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A Honey Bee Never Volunteers An Attack Or Acts On The Offensive When It Is Gorged Or Filled With Honey

The man who first attempted to lodge a swarm of bees in an artificial

hive, was doubtless agreeably surprised at the ease with which he was

able to accomplish it. For when the bees are intending to swarm, they

fill their honey-bags to their utmost capacity. This is wisely ordered,

that they may have materials for commencing operations immediately in

their new habitation; that they may not starve if several stormy days

hould follow their emigration; and that when they leave their hives,

they may be in a suitable condition to be secured by man.

They issue from their hives in the most peaceable mood that can well be

imagined; and unless they are abused, allow themselves to be treated

with great familiarity. The hiving of bees by those who understand their

nature, could almost always be conducted without the risk of any

annoyance, if it were not the case that some improvident or unfortunate

ones occasionally come forth without the soothing supply; and not being

stored with honey, are filled with the gall of the bitterest hate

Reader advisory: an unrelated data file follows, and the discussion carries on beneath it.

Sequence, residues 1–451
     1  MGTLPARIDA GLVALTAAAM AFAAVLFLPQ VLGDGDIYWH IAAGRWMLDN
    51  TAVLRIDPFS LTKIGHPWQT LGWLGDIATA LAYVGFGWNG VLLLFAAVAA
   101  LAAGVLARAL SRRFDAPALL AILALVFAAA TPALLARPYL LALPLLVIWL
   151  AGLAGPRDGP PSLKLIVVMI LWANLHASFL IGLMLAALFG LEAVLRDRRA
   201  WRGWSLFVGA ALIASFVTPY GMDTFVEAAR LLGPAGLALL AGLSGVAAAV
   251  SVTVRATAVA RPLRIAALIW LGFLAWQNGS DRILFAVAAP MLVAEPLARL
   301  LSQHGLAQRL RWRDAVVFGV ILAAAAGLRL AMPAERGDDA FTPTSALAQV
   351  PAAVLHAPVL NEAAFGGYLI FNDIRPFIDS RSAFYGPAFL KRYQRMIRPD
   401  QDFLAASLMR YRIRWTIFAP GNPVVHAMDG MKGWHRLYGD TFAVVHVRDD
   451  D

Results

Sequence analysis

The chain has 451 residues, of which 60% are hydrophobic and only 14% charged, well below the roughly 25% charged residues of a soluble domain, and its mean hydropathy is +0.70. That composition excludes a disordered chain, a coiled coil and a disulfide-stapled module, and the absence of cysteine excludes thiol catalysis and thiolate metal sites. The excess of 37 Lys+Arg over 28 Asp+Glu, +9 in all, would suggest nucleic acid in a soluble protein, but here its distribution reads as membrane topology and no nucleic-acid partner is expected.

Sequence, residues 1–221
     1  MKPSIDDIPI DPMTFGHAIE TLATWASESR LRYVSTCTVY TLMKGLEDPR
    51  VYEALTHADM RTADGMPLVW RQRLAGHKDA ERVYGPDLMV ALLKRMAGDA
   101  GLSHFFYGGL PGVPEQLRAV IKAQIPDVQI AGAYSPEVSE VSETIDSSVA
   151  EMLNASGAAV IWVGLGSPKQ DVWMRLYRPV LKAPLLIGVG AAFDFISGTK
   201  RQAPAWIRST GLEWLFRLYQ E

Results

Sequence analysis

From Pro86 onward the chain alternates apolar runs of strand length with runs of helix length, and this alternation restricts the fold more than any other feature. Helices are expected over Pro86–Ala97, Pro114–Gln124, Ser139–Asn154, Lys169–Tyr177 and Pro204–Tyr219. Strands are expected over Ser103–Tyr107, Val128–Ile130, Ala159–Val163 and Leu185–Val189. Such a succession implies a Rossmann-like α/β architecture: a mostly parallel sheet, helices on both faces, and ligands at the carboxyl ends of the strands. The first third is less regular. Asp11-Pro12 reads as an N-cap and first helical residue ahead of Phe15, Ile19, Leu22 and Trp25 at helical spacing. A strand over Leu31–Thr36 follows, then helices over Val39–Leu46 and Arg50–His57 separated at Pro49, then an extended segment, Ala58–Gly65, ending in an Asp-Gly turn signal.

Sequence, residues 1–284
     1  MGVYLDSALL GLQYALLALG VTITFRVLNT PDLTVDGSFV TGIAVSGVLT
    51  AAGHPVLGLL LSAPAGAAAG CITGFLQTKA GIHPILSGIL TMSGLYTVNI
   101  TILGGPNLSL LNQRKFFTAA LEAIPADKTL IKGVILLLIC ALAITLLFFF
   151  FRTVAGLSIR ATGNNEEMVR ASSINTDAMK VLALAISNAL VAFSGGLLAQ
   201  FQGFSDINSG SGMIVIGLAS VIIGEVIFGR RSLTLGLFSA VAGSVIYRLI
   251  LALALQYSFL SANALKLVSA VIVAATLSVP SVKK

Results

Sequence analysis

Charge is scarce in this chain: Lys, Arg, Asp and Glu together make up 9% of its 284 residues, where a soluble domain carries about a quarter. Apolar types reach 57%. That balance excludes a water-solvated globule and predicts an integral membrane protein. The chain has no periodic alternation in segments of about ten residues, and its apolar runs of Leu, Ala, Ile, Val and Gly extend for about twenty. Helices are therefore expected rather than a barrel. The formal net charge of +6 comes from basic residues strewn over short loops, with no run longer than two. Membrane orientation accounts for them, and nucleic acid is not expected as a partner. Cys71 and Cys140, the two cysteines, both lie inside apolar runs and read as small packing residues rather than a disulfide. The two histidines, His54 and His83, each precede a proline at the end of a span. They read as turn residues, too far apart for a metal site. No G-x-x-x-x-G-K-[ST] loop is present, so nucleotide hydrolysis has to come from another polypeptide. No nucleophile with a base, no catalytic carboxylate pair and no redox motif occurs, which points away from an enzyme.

against all mankind and animal kind in general, and any one who dares to

meddle with them in particular. Such radicals are always to be dreaded,

for they must vent their spleen on something, even though they lose

their life in the act.

Suppose the whole colony, on sallying forth, to possess such a ferocious

spirit; no one would ever dare to hive them, unless clad in a coat of

mail, at least bee-proof, and not even then, until all the windows of

his house were closed, his domestic animals bestowed in some safe place,

and sentinels posted at suitable stations, to warn all comers to look

out for something almost as much to be dreaded, as a fiery locomotive

in full speed. In short, if the propensity to be exceedingly

good-natured after a hearty meal, had not been given to the bee, it

could never have been domesticated, and our honey would still be

procured from the clefts of rocks, or the hollows of trees.

A second peculiarity in the nature of the bee, and one of which I

continually avail myself with the greatest success, may be thus stated.